When exactly did it become cool to be a prairies kid?
Growing up, it always seemed like the summertime was consumed with trips to the lake, camping, and racking up an endless amount of kilometres on the highway. Everything smelled of campfire, and streams of sand followed feet into the house.
Welcome to Saskatchewan.
As a prairies kid, road trips were the norm on the weekend, with tourist destinations like Regina Beach or Waskesiu being the reward for hours spent cooped up in the back seat. It wasn’t just the beach – this was how we saw some of the most enchanting, and atypical, scenery in all of Canada. Like the bountiful forests and fields of Cypress Hills. Or the atypically beautiful badlands at Big Muddy. Or discovering the natural ruggedness of areas in the northernmost reaches of the province.
There was plenty to be proud of, living in Saskatchewan, even if it meant accepting, and even loving, the endless stereotypical flatness of the wheat fields.
And part of this prairies-pride was wearing t-shirts with animals like moose or bears adorning them – although a gopher bounding across a grain field likely would be more apt for most people living here. Along with the sunburns and mosquito bites, summer also brought with it new wardrobes – clothing adorned with the names of small towns and scenery that we would collect for distant relatives and mail off like they were postcards.
But the fashion sentiments sometimes run deeper than just a clever design – tourist t-shirts don’t just tell others where we’ve been, they also tell a story of where we came from.
And Saskie Shop, an award-winning apparel business, is doing just that.
A company that celebrates the spirit of the prairies, Saskie Shop is creating inspired clothing that reflects the friendly, expressive and unique personality of this province with a modern take on the tourist t-shirt.
Dale Braitenbach, a customer of Saskie Shop, has deep roots in Saskatchewan. Born in Saskatoon, when Braitenbach and his wife moved to Manitoba he says that he quickly realized how far his prairies-pride extended.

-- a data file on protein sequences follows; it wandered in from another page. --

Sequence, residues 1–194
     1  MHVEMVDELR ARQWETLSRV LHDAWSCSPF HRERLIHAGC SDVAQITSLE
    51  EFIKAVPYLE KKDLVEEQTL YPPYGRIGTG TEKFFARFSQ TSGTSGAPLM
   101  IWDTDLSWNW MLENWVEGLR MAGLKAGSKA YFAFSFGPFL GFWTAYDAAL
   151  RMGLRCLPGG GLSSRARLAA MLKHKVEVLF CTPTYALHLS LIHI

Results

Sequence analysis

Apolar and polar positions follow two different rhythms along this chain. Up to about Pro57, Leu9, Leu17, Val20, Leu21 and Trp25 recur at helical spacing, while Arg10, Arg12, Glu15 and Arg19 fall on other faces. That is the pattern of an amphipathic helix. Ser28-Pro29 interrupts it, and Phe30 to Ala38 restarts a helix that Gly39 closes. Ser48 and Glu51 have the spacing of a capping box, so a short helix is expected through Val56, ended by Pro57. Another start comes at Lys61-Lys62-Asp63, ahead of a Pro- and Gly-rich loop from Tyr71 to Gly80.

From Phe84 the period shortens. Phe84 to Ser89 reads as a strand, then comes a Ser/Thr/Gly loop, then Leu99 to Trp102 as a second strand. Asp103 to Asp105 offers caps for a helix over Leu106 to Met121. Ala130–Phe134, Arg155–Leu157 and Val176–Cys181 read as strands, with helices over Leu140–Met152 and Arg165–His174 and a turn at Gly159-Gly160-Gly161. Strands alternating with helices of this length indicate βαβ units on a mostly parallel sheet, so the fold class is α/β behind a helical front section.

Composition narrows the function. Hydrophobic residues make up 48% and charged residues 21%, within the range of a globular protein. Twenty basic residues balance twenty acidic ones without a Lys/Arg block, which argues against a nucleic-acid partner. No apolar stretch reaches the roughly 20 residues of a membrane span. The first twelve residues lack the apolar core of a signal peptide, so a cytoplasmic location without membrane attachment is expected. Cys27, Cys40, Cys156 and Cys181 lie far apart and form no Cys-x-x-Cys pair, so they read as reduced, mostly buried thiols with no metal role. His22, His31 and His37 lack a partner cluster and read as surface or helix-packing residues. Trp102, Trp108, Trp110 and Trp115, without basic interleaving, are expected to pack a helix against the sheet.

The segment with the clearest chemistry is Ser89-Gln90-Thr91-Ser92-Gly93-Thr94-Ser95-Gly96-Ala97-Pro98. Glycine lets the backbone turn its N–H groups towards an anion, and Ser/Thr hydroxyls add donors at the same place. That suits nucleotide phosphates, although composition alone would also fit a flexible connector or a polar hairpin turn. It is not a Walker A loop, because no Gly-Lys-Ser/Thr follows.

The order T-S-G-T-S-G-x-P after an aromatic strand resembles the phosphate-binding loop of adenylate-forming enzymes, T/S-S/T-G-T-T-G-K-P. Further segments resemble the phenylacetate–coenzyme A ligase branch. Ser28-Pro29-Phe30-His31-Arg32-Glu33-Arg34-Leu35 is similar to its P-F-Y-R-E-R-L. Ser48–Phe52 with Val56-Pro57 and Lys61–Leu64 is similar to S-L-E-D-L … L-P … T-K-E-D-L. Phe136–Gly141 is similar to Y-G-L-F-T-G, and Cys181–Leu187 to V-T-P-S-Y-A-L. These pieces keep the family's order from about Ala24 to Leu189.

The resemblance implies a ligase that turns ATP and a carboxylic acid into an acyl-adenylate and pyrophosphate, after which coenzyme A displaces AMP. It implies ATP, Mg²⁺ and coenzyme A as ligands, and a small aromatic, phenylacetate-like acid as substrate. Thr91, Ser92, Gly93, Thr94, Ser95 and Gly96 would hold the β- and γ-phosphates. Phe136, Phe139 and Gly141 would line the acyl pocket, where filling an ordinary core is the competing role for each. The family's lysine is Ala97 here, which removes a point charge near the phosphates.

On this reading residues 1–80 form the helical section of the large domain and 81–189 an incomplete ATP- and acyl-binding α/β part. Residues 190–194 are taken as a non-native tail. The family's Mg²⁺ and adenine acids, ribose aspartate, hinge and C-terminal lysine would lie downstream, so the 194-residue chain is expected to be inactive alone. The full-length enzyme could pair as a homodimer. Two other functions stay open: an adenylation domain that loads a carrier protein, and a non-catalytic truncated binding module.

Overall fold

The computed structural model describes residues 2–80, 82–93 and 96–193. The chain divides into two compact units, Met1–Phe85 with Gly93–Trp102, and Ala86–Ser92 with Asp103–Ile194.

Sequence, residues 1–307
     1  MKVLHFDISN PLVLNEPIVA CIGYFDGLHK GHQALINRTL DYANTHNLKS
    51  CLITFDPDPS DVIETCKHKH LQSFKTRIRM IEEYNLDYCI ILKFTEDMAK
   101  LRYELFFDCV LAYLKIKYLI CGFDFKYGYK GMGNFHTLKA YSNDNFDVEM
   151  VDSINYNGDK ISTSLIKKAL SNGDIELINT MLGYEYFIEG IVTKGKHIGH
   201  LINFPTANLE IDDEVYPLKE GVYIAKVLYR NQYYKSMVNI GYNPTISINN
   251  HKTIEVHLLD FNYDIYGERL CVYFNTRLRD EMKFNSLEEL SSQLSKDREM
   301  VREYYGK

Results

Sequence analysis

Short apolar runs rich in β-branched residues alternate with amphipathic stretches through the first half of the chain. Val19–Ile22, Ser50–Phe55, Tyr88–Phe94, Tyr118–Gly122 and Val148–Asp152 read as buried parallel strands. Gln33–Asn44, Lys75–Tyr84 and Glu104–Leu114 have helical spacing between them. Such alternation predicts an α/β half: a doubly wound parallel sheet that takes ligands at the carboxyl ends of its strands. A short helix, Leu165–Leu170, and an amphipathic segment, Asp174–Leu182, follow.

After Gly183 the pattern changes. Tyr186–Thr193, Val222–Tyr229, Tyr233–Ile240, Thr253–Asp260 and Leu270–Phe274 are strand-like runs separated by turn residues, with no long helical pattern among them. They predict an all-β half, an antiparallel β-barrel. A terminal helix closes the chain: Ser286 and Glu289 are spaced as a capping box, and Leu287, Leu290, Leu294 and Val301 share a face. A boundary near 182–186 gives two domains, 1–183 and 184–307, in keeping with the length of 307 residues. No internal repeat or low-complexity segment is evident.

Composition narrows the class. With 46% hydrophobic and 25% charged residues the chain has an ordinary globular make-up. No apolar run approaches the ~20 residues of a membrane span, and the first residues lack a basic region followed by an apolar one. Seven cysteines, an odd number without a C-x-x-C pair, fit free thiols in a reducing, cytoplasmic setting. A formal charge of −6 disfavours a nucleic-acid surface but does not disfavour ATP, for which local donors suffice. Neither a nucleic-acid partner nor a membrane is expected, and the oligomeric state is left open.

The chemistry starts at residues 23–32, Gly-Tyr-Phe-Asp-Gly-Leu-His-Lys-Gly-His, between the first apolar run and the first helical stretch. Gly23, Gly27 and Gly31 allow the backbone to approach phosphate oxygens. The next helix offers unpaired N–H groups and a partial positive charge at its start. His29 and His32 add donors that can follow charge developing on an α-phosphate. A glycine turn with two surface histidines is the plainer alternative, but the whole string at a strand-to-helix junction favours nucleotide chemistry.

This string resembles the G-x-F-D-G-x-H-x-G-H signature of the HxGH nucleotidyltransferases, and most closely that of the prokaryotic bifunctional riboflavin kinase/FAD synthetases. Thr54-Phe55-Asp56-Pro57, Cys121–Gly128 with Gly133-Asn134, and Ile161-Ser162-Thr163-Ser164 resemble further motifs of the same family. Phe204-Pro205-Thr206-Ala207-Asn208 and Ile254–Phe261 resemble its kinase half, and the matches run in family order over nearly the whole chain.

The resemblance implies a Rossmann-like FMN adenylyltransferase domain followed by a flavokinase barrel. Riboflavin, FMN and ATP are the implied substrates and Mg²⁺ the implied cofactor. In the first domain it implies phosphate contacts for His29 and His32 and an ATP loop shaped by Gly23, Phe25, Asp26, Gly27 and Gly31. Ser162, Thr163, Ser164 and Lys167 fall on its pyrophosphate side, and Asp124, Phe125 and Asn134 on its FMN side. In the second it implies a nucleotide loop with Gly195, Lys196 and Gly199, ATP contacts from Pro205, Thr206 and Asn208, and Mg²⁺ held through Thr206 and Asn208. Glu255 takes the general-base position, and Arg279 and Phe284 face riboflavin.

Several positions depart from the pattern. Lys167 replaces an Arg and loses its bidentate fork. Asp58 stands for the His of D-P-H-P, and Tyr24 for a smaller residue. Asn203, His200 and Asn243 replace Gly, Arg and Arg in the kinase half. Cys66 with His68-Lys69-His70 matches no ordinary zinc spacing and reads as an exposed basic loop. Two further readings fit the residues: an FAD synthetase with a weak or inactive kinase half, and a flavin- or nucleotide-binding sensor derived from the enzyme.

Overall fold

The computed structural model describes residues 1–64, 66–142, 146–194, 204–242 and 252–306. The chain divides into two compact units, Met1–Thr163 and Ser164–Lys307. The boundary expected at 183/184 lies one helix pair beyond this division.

“There is nothing like going to another province or country and wearing something that says Saskatchewan,” says Braitenbach, who now calls Prince Albert his home.
“As for clothes, there was nothing that we found that promoted Saskatchewan other than the Riders gear or the U of S Huskies. But we like to be different and the Saskie Shop does that. It was great to have another option.”
In the past few years it’s become a growing trend to once again don these shirts that are emblazoned with the imagery of Saskatchewan culture. Except instead of the same tired designs – the silhouettes of animals, the tired fonts – there is a whole new look that has sprouted for tourists and those of us who are homegrown. You can only look at the same postcard images for so long, after all.
And while Saskie Shop’s designs are a modern take on the tourist t-shirt, they carry an element of familiarity as well. For example, the Route 16 Sask. design, Saskie Shop’s best-selling shirt, is a play on America’s iconic highway. Connecting Saskatchewan with Canadian cities such as Edmonton and Winnipeg, the Yellowhead is one of the busiest highways in the province. It’s a road that nearly every prairies-born person has traveled upon, making it similarly iconic for those who live here.
The Saskie Shop design is also a metaphor for the pride that Saskatchewan residents take to heart, says Braitenbach.
“We are starting to see more people wearing these designs and it makes us happy to see that people take pride from where they were either born, live or lived,” he says.
So when exactly did it become cool to be a prairies kid? Maybe it always has been.
Nowadays it is not uncommon to see the elements of our pride extending well beyond the boundaries of Saskatchewan – they are appearing across the rest of Canada and beyond.
They are also popping up alongside some very famous faces.
One celebrity sighting came from Kim Coates, who stars in the hit series Sons of Anarchy. The Saskatoon-born actor posted a selfie that prominently displayed the Route 16 design. Similarly, Premiere Brad Wall professed his Saskie Shop love when he posted a tweet about receiving the “Swheat” t-shirt from his sister-in-law. The t-shirts have even made an appearance on the iconic television game show The Price Is Right. Obviously, tourist tees are becoming the norm, especially for anyone wanting to show off their Saskatchewan pride. Take a look around – our prairies roots are everywhere.
You’ll find Saskie Shop t-shirts at events across the province this summer, or shop online: saskieshop.com.